Stephen F. Austin State University

Women Hike Five Hundred Miles in 1914 (August 2013)

Women Hike Five Hundred Miles in 1914 (August 2013)

Women Hike Five Hundred Miles in 1914

By Deborah Burkett

I'm not ready to say good bye to summer. There's still time for a break before club meetings, special projects or other responsibilities reconvene. Opportunity for one more jaunt! Not sure if a five hundred mile hike is in my future but before Labor Day maybe I'll take a tour of the Hills of Cherokee at least.

In 1914, four adventuresome girls from Jacksonville decided to hike from Salt Lake City to Denver. The group was composed of Misses Allye Newsome, Nita Duke, Mozelle Newton and Rachel Frank. Their story was covered in the national press as well as pictorial spreads in numerous magazines. None of the girls were particularly athletic but despite blisters, sore muscles and overall aches and pains they achieved their goal.

In an article she wrote Rachel Frank described their experiences, "We were equipped with blankets, sleeping garments, one change of underwear and a few toilet articles. Even these became too heavy and before the end of our hike we discarded everything except the underwear."

Don't know about you but the mention of underwear by women in 1914 tells me these girls were brave and not afraid to challenge society's traditions. Heading out on their own without a man to protect them and also discussing under-garments, "My, my" as my great-grandmother would say!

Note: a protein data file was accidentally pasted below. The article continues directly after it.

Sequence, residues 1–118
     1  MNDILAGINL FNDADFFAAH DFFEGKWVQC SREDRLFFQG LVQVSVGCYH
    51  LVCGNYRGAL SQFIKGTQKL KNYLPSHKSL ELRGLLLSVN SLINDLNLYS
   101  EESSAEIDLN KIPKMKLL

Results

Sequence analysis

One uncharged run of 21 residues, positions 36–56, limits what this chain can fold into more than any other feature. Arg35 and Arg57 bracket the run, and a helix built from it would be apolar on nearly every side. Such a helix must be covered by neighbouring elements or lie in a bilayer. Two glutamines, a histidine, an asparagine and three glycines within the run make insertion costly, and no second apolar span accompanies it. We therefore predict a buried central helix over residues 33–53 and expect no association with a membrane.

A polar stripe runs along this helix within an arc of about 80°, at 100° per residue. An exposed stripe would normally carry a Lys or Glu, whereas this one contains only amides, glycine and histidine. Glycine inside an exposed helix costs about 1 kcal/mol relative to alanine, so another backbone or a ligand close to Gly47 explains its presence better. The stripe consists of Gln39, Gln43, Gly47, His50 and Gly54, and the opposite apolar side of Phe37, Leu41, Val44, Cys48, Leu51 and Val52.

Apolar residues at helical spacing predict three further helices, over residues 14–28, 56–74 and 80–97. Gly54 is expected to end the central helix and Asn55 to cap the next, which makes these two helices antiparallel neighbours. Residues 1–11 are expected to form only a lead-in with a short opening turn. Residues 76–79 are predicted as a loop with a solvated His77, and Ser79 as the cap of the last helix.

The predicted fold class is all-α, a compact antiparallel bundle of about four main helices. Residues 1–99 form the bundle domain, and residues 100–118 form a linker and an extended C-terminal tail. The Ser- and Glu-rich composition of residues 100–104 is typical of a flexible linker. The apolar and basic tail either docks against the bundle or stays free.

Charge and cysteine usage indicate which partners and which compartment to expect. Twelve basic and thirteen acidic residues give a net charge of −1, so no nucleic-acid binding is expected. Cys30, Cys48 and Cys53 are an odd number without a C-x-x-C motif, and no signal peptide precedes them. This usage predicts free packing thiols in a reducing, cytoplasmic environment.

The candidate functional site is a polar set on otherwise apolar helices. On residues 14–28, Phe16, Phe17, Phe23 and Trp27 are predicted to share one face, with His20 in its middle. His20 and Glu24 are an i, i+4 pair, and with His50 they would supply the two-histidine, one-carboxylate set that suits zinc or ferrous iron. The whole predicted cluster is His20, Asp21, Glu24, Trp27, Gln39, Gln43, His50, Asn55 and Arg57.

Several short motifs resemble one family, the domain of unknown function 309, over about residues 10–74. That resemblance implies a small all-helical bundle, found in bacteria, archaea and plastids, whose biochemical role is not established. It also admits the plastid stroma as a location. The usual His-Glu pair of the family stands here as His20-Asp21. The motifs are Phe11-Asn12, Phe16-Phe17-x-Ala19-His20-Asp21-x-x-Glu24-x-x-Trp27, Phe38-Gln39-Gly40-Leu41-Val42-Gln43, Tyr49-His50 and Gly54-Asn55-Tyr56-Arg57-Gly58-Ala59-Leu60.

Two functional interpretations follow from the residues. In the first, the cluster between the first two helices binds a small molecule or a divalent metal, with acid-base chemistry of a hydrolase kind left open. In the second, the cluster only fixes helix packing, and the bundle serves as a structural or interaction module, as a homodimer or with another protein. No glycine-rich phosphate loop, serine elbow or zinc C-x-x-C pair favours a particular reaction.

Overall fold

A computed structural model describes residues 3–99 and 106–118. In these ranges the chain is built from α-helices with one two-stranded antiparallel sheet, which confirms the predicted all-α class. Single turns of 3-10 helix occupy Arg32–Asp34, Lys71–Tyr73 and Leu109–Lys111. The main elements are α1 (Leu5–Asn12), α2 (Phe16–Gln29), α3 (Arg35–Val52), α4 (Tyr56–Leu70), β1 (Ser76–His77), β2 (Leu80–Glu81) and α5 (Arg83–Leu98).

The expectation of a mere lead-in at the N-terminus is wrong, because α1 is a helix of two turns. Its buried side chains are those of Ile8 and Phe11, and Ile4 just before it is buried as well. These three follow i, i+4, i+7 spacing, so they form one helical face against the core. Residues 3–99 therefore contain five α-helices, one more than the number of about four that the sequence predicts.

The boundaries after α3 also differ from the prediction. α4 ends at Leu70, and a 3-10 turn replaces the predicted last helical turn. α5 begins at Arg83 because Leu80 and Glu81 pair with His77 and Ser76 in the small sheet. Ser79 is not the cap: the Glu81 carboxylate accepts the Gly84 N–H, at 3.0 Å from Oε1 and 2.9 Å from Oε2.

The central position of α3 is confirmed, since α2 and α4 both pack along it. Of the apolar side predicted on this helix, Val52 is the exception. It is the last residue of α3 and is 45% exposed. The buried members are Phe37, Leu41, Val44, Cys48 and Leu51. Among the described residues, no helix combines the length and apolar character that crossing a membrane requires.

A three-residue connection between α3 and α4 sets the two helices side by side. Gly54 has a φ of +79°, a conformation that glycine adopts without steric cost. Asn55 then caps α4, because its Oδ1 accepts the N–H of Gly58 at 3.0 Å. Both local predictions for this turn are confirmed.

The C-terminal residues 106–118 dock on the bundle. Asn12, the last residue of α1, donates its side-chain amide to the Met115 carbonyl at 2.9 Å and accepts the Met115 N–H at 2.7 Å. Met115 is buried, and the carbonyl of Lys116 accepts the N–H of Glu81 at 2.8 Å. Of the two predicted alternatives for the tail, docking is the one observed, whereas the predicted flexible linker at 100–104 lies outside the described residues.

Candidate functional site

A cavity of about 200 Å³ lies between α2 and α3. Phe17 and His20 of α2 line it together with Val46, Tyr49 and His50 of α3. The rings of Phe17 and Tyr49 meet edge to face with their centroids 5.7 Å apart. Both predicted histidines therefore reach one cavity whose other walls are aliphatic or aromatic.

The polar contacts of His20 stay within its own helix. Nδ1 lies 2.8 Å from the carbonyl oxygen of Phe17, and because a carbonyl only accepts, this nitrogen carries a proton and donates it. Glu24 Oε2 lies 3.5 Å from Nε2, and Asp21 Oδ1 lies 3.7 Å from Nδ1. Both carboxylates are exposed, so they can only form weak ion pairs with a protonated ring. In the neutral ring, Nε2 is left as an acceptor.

But this behavior is understandable given these young women were in the midst of a revolution of sorts-suffragettes in Europe and the US were marching for the vote. Movie star Mary Pickford made news when for the first time an actress's name was displayed on the marquee above the movie title.

Stories of spunky women in Cherokee County shouldn't surprise me. Only last year I wrote a column based on the amazing story of Lettie Baker, first woman elected to countywide office before she could even vote. Her adventuresome side is evident by the following exert, "…They announced at the picture show Saturday night that the plane would be ready to take passengers Sunday morning and a crowd gathered in the aviation field after breakfast. Miss Lettie Baker, our County Treasurer, was the first passenger 'to break the ice' and take a sail into the clouds!"

"Life is short and it's up to us to make it sweet." This sentiment must have been part of the philosophy these women embraced. Who knows, I may have to re-think my plans and spread my wings a little more before summer is spent.

The girls wore rainproof skirts and hats, woolen shirts, bloomers and mountain boots. Green ties and red sweaters were tied around their waist in the heat of the day. Rachel Frank explained, "Our costume afforded a great deal of amusement to the people we met."